Macht euch bereit! Nach zwei Jahren Vorbereitung setzen Santiano mit ihrem neuen Album den nächsten Meilenstein: Und zwar mitten Im Auge des Sturms. Deutschlands erfolgreichste Band steht seit ihrer Gründung für Mannschaftsgeist und den Glauben an höhere Ziele. Auf dem vierten Studio Album loten Santiano die Grenzen ihrer Welt aus: Seite an Seite mit den großen Entdeckern und Abenteurern der Geschichte stoßen die Männer aus dem Norden dabei ohne Scheu bis in die Tiefen der Meere vor.
“I got a right to say FUCK YOU!!!” is how the new album from veteran guitarist Marc Ribot’s trio Ceramic Dog starts off, with Ribot howling in anger at corruption, tyranny, life in general, and nothing in particular. If you’ve got a serious case of outrage fatigue, Ceramic Dog’s explosive cocktail of balls-to-the-wall abandon, chameleonic disregard for style constraints, political commentary, and absurdist humor is just the shot in the ass (or kick in the arm?) you might need. In fact, Ceramic Dog’s new album — whose title:YRU Still Here? is directed in equal parts at themselves, the commander in chief, and the listening public – arrives just in time to remind us that now is a moment when anger is not only necessary, and unavoidable, but also good for houseplants.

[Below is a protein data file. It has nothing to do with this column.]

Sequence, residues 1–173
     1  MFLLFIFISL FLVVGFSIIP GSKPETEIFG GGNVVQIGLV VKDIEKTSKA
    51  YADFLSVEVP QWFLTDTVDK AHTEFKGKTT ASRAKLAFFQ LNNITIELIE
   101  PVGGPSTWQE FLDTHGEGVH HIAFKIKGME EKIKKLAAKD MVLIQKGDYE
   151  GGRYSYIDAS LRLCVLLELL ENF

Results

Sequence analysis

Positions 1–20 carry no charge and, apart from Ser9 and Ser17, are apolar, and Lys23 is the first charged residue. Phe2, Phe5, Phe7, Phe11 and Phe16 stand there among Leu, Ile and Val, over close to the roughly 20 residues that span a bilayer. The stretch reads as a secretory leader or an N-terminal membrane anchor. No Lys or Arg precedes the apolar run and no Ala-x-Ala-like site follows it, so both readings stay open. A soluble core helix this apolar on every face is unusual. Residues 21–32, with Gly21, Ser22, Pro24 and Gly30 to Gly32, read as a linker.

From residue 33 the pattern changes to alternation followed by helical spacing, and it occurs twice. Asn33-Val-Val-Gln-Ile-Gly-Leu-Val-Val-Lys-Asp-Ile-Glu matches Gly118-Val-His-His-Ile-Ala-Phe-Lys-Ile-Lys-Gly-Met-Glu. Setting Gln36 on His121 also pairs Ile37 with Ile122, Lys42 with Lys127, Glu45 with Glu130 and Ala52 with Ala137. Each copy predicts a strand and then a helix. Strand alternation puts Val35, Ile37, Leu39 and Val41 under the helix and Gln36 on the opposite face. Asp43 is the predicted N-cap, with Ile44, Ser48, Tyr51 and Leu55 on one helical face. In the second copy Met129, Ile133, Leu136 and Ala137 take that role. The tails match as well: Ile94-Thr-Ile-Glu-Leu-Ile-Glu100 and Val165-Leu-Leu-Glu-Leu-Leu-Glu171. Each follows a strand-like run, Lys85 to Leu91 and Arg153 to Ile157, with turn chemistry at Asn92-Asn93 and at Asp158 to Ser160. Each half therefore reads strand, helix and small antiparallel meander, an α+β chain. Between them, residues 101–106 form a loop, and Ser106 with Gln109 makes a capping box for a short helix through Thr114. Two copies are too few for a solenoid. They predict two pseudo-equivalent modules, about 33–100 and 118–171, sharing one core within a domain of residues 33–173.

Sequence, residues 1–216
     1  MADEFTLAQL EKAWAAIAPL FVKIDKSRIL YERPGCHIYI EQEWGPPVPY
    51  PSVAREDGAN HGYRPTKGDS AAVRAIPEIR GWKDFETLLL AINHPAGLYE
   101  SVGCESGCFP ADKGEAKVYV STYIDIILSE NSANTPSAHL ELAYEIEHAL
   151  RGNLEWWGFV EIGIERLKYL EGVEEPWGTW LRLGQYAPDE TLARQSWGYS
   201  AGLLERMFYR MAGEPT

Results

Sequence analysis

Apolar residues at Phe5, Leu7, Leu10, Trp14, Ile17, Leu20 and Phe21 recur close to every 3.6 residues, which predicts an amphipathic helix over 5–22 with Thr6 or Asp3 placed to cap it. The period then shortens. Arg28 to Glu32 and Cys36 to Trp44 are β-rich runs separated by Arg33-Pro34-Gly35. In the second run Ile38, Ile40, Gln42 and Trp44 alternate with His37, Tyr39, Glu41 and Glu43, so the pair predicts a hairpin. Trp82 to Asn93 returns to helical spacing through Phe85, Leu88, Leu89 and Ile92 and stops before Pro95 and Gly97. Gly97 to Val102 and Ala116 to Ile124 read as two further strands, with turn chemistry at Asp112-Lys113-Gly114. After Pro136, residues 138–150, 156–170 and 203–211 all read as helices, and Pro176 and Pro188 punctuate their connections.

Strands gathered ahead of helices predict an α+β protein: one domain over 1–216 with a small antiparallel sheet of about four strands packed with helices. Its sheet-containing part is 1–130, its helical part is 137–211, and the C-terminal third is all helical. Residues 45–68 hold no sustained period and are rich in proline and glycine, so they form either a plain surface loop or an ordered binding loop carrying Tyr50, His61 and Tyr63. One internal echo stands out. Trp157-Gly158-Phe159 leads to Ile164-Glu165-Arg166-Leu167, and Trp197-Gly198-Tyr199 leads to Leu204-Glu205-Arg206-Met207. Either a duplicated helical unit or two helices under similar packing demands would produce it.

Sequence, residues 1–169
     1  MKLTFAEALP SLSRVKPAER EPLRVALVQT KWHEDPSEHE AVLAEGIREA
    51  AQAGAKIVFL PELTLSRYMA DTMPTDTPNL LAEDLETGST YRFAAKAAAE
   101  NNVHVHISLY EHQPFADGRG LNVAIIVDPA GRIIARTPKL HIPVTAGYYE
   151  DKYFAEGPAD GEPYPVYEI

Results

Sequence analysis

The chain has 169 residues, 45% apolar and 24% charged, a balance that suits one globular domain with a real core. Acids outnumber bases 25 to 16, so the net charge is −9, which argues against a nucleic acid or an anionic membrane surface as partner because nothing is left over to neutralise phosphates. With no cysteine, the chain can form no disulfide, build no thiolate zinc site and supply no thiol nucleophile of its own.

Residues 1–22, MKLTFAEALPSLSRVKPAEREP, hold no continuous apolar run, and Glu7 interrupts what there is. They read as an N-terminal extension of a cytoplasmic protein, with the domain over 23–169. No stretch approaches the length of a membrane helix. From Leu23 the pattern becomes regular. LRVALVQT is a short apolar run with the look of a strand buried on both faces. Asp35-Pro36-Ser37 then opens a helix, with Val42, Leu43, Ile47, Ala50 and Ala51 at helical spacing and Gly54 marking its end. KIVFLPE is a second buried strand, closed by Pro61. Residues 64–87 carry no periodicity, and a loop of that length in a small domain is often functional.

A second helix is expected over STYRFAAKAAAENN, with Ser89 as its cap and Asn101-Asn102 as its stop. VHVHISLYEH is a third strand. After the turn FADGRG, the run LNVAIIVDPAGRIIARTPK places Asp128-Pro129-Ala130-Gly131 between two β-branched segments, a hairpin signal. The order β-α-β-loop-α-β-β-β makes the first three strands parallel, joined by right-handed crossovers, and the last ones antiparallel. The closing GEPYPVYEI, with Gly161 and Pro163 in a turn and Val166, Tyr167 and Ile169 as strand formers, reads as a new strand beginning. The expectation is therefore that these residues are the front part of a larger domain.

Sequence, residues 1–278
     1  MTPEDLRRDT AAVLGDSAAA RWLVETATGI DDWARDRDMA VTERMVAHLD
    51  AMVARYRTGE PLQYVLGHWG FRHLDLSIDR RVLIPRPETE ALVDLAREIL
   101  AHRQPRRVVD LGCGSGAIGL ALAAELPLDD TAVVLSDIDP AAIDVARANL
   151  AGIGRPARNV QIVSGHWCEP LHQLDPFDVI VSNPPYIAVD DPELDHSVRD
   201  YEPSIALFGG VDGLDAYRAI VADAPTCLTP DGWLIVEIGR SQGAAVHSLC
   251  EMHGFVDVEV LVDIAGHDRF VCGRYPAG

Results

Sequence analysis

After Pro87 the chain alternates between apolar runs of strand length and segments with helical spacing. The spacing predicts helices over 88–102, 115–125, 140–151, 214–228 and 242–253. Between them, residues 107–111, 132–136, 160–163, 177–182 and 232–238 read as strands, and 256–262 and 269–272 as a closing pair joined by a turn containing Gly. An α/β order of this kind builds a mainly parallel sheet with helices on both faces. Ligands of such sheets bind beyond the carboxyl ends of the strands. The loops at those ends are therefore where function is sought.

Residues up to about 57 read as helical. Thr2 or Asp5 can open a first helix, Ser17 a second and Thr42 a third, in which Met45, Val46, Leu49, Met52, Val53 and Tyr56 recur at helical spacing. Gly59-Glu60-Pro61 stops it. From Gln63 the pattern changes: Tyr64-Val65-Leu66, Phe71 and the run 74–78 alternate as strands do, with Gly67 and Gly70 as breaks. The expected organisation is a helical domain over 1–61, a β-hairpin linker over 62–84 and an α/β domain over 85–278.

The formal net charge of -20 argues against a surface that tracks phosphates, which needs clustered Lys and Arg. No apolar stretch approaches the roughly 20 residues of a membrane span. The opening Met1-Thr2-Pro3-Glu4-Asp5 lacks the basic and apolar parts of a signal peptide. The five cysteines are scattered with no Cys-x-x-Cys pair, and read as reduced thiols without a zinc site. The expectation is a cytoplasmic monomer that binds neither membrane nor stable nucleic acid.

The cantate francaise flourished during the first half of the eighteenth century. Morin and Bernier were among the most interesting early exponents of it, Campra, Monteclair, Clerambault and Rameau among the most impressive. Indeed, it is generally recognized that the cantate francaise reached its zenith in the hands of Clerambault. He is represented on this new disc by Le Soleil, vainqueur des nuages. It appeared in none of the composer’s five published collections of chamber cantatas but was issued separately in 1721
Saint-Saëns’s mature creative genius shines throughout these last two piano concertos, looking back over a glorious musical ancestry while at the same time opening the door to new worlds. The Fourth Piano Concerto is prescient of both his great Organ Symphony and the concertos of Rachmaninov, revealing Saint-Saëns at his most inspired and innovative. The Fifth was composed in the Egyptian temple town of Luxor, and displays a rich tapestry of exotic cultural influences from Javanese, Spanish and Middle Eastern music, as well as portrayals of chirping Nile crickets and croaking frogs, and the composer’s representation of ‘the joy of a sea crossing’.
With the proliferation of more and more recording labels and still more ensembles getting the opportunity to record their work, it is obviously increasingly difficult to bring anything truly original when performing works from the standard repertoire. Unfortunately, this fact may lead to some questionable performance decisions in striving for originality. Such seems to be the case with the Leopold String Trio and Marc-André Hamelin and their performance of the Brahms piano quartets.